Global fossil fuel subsidies could finance the global energy access funding gap 7.5 times over

While the exact potential for reallocation depends on which countries have subsidies and how savings can be used, given political and economic realities, there are several ways in which this could happen in practice. While Organisation for Economic Development and Co-operation (OECD) countries committed USD 8.3 billion annually for development assistance to the energy sector in 2015 and 2016, they spent 10 times as much to support fossil fuels.
Reforming these fossil fuel subsidies could further increase support for the energy transition. In countries with high energy access deficits and high fossil fuel subsidies, just a share of savings could help raise substantial volumes of energy access finance – and in many cases, this would be much larger than equivalent flows of overseas development aid. Countries with high fossil fuel subsidies and large energy access deficits were found to spend the equivalent of USD 573 per household without access to electricity or USD 321 per household without access to clean cooking on fossil fuel subsidies. For example, Nigeria, where 61 per cent of households have access to electricity and only 6 per cent of households have access to clean cooking, spent USD 2.5 billion on fossil fuel subsidies in 2016. In comparison, Nigeria received on average USD 132 million per year in development finance for electricity between 2011 and 2015.

At their best, untargeted fossil fuel consumption subsidies are an inefficient and unjust tool for improving energy access.
At their worst, they can even have a negative impact on energy access. Untargeted consumption subsidies are subsidies that benefit anyone who buys a product, regardless of whether they are rich or poor. They only benefit people that are reached by electricity or fuel distribution networks, which typically excludes a large number of poorer households. They are also highly unfair – richer households buy larger volumes of energy, so they capture most of the benefits. That makes them highly inefficient – that is, they achieve small energy access benefits at exorbitant costs that cannot be justified in comparison with other interventions.
When untargeted subsidies are badly designed, they can even make energy access problems worse. One common problem is smuggling and diversion of subsidized fuels, or when governments cut back supply because they are struggling to manage subsidy costs. This can result in fuel scarcity, which in turn creates long queues, panic paying and prices far above the official subsidized level. If the financial burden for subsidies is pushed onto state energy companies, they may cope by restricting investments for energy access.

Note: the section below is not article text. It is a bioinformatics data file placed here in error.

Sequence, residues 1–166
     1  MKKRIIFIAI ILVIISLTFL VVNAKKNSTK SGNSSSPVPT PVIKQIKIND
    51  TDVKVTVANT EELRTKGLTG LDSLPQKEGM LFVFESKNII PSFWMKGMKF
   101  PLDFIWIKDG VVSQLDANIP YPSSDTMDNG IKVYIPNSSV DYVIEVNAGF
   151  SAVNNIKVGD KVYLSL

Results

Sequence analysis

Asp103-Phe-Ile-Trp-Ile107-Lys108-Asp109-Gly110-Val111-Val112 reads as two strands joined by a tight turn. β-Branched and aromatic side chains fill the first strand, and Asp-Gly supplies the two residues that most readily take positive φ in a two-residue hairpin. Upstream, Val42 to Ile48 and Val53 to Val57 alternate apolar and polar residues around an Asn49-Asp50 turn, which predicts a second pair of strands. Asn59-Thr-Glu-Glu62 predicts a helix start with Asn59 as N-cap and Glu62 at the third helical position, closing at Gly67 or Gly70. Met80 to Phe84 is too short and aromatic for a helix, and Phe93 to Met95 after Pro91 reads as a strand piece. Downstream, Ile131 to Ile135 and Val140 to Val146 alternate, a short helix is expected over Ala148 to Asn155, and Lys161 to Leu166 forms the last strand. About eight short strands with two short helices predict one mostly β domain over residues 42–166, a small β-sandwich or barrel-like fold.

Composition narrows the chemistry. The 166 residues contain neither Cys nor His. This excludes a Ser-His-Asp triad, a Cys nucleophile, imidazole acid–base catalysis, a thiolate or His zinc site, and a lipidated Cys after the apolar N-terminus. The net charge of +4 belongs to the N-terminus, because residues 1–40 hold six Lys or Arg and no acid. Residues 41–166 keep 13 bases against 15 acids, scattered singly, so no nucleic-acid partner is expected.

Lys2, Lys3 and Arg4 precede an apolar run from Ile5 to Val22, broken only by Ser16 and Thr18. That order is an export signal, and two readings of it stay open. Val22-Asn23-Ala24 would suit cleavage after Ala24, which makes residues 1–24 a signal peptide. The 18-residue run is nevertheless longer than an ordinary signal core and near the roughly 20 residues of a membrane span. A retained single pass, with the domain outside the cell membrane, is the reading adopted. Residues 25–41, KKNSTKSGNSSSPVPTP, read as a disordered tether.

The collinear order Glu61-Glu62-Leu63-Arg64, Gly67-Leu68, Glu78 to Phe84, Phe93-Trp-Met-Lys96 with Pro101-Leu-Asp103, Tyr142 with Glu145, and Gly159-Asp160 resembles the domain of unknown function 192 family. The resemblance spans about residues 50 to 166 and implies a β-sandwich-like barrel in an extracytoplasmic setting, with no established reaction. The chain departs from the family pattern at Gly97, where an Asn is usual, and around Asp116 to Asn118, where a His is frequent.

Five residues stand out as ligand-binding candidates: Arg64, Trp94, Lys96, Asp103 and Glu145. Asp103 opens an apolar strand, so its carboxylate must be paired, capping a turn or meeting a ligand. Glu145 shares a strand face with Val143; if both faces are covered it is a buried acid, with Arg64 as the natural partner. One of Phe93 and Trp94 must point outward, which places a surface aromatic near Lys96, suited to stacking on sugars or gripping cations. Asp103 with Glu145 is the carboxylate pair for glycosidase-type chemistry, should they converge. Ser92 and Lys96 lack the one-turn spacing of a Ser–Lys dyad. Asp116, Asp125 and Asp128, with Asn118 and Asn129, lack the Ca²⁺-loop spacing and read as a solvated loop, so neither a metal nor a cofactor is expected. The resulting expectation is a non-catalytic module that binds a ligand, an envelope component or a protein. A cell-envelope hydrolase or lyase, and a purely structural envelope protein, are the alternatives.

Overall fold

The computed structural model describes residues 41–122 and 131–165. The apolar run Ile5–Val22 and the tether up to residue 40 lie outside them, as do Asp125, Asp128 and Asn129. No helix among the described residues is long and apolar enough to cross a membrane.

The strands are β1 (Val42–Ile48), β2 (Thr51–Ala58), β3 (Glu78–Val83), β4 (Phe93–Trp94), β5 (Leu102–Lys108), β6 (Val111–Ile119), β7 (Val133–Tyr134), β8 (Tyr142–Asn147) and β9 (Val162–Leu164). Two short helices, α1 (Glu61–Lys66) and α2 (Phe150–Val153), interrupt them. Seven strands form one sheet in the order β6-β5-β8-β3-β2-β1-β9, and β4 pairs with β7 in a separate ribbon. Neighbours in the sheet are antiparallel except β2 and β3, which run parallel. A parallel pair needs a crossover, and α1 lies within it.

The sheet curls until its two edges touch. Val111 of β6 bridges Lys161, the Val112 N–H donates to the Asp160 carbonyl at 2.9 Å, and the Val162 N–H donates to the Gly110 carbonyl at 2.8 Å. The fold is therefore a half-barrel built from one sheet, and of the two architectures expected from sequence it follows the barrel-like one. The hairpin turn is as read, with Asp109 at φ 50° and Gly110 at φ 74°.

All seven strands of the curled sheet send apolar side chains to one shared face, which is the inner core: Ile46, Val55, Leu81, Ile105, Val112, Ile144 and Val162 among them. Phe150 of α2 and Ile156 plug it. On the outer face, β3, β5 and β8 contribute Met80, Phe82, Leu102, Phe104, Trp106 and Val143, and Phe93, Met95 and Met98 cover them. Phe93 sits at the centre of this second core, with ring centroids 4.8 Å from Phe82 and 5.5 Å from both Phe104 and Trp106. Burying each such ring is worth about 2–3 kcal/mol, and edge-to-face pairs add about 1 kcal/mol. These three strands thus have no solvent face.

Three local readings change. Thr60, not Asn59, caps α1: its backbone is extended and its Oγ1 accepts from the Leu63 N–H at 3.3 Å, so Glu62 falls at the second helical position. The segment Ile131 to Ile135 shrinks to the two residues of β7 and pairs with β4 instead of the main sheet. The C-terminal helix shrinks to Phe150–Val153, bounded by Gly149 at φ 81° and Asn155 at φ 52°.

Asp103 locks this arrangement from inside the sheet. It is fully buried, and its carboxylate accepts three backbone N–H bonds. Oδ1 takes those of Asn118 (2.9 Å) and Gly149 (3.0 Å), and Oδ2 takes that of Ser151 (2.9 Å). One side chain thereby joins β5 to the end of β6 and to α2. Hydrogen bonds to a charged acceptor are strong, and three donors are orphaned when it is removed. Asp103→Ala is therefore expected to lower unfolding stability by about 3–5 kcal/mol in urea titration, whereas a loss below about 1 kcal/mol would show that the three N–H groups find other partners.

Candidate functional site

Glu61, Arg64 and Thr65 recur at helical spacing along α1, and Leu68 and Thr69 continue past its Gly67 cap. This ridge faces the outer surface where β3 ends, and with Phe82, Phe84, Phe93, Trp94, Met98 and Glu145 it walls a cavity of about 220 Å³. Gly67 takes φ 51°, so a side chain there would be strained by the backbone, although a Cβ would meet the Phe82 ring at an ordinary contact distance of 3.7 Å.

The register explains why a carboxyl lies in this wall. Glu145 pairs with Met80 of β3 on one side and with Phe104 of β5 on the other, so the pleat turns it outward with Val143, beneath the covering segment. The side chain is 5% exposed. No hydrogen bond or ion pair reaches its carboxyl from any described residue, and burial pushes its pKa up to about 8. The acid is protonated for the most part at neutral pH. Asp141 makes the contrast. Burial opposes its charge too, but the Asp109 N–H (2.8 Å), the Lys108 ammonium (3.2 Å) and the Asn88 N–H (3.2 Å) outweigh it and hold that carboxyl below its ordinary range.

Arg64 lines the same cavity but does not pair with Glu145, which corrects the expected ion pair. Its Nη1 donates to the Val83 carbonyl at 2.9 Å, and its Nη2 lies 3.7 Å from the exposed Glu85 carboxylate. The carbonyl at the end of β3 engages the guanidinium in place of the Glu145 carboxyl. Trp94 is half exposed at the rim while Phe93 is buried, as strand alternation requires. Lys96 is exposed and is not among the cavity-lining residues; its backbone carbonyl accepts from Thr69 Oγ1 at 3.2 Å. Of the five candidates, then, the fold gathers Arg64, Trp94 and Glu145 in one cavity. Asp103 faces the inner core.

Smart strategies for fossil fuel subsidy reform can boost sustainable energy access
Experience with fossil fuel subsidy reform has yielded a wealth of knowledge on how subsidies can be reformed to improve energy access. Good data about the socioeconomic situation of households and the energy services needed is crucial: the focus should be on energy needs for cooking, transport or lighting, instead of focusing on just one fuel. This could mean levelling the playing field between subsidized grid electricity and off-grid technologies. It could also mean targeted lifeline tariffs or support for access to clean cooking equipment. Ideally, support for energy access would be provided in a technology-neutral way, even though this is difficult to implement in practice. In some cases, countries may prefer to subsidize incomes instead of or as well as energy sources.

Three recommendations
1. Phase out fossil fuel subsidies that have no or little potential for energy access
Some fossil fuel subsidies have little or no potential to improve energy access. Governments should aim to phase out such subsidies, taking adequate steps to mitigate negative economic or social impacts, particularly for poor households and women.
Examples: producer subsidies; gasoline and diesel subsidies

2. Targeted subsidies aimed at access for those that really need them
Some fossil fuel subsidies are used to incentivize the use of energy technologies for which there is no short-term sustainable alternative. If these subsidies are deemed necessary, governments should improve the effectiveness and efficiency of these subsidies through targeted subsidies aimed at poor households. Facilitating new connections should be a major focus in this respect.
Examples: liquefied petroleum gas (LPG) subsidies; electricity subsidies

3. Shift fossil fuel subsidies to investments in renewable energy and energy efficiency
Shifting subsidies to renewable energy technologies for energy access and energy efficiency can support households and improve the sustainability of energy access.
Examples: kerosene subsidies for lighting; diesel subsidies for agriculture; subsidies to transport fuels; subsidies to coal and gas for electricity generation

Excerpt of "Getting on Target: Accelerating energy access through fossil fuel subsidy reform", GSI 2018
Download the full report here.


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